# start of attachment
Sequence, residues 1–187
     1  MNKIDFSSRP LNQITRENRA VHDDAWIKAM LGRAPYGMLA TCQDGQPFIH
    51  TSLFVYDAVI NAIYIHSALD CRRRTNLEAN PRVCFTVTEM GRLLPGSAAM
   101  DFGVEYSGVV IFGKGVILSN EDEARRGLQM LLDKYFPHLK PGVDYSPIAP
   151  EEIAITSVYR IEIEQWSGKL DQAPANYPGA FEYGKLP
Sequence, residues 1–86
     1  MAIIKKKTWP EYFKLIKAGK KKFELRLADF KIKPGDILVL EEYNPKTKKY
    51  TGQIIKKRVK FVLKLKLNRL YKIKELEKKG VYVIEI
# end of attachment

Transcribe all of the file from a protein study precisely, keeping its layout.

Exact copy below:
Sequence, residues 1–187
     1  MNKIDFSSRP LNQITRENRA VHDDAWIKAM LGRAPYGMLA TCQDGQPFIH
    51  TSLFVYDAVI NAIYIHSALD CRRRTNLEAN PRVCFTVTEM GRLLPGSAAM
   101  DFGVEYSGVV IFGKGVILSN EDEARRGLQM LLDKYFPHLK PGVDYSPIAP
   151  EEIAITSVYR IEIEQWSGKL DQAPANYPGA FEYGKLP
Sequence, residues 1–86
     1  MAIIKKKTWP EYFKLIKAGK KKFELRLADF KIKPGDILVL EEYNPKTKKY
    51  TGQIIKKRVK FVLKLKLNRL YKIKELEKKG VYVIEI